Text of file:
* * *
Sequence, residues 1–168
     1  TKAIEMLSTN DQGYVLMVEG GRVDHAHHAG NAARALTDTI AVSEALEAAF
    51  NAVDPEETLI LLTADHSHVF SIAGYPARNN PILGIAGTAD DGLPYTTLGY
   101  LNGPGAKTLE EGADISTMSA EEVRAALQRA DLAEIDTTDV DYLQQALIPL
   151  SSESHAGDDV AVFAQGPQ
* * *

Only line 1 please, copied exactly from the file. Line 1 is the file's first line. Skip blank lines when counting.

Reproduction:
Sequence, residues 1–168